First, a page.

At some point we’ll have some version of “single payer” healthcare – I predict this will happen within a decade (yes, I know I’m usually wrong on the timing of my predictions, but I’m mostly right on the result).
Whether you’re a rabid libertarian or a totally committed Democratic Socialist, you’ll need to know what Single Payer is.
Single Payer is a catch-all term for universal health insurance coverage. In some cases there isn’t a “single payer” in an entire nation – our neighbor to the north being one example, Switzerland and Germany are two others. In Canada, each Province is it’s own single payer; in the two European countries there are a variety of independent companies that provide health coverage.
That’s how the insurance end of things works. Healthcare providers; hospitals, physicians, therapists are the other side.
The UK may be the best-known example of a “true” single payer system; the government runs the health insurance program and employs most of the healthcare providers.
Between the UK system on one end of the spectrum, and the US “system” on the other, there are a lot of variations.
Here are three examples (borrowed from Dr Lynn Blewett of the University of Minnesota):
In Canada, there are some variations among provinces in terms of financing and benefits, but these are pretty minor. People can freely choose their providers, there are no deductibles or other cost-sharing provisions, providers are private (not employed by the government), and hospitals operate under a universal budget.
Funding comes from taxes and provincial lottery profits, and about 2/3rds of Canadians buy supplemental private insurance for non-covered services.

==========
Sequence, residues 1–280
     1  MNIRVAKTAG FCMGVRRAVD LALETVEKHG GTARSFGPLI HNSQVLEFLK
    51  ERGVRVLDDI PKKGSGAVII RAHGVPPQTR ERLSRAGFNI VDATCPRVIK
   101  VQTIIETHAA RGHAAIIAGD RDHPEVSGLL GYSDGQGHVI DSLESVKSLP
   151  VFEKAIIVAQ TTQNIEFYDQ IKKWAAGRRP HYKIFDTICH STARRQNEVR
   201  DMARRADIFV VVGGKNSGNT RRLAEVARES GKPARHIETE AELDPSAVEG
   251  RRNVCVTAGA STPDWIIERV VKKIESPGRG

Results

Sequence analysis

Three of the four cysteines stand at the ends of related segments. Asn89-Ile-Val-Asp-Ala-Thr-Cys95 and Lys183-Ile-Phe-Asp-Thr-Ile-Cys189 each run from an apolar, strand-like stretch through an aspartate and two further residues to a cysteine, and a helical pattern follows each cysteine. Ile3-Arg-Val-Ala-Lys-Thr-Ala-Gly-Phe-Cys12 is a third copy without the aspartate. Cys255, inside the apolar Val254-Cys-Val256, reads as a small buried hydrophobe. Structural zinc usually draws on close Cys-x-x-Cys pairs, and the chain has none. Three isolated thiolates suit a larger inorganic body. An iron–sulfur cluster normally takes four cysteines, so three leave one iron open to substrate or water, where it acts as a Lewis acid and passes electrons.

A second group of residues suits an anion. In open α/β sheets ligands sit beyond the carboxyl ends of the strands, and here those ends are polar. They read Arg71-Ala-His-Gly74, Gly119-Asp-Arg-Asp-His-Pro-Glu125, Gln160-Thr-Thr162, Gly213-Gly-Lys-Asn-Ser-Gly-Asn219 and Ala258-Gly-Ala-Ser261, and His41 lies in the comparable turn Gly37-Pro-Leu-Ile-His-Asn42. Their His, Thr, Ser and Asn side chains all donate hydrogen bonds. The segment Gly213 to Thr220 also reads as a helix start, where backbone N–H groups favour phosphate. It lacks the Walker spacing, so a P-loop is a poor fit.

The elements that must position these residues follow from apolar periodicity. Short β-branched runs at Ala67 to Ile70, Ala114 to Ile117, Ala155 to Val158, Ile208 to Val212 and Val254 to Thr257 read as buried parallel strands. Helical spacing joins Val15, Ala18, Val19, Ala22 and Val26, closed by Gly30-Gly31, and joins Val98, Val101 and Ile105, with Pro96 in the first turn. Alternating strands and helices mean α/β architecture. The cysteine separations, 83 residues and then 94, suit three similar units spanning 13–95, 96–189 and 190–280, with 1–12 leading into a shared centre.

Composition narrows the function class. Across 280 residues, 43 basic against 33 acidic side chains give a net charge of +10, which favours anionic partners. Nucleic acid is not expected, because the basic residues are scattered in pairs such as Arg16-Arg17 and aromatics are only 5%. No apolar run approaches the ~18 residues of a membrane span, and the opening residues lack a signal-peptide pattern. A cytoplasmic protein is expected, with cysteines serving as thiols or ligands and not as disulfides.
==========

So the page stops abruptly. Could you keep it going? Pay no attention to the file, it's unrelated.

Germany funds its system via general taxes and payroll taxes. There are over a hundred “sickness funds” which are generally equivalent to our health insurers; some charge additional premiums. About a tenth of the population opts out of the national system and buys private insurance coverage. Patients have full choice of the providers they use.
The UK is often held up as the only “pure” single payer system as both providers and the payer are government-based. Funding is via payroll and general taxes. Choice of primary care provider is up to the patient, however PCPs act as gatekeepers to specialty care. Similar to Germany, about a tenth of the population buys supplemental coverage.
California is likely to consider Single Payer after the Democratic candidate for Governor wins the election this fall. Advocates have described their vision for a state-based “single payer” system this way.
While every system has it’s problems, what is notable is they all deliver better outcomes at significantly lower cost than we have here in the US.
So, when you hear people decrying the ACA, “Obamacare”, or single payer, ask yourself how their “solution” would lower your costs while improving the healthcare you get.
Better yet, ask them…But be prepared for silence.
What does this mean for you?
This will be one of the two most important issues facing us over the next decade. Inform yourself.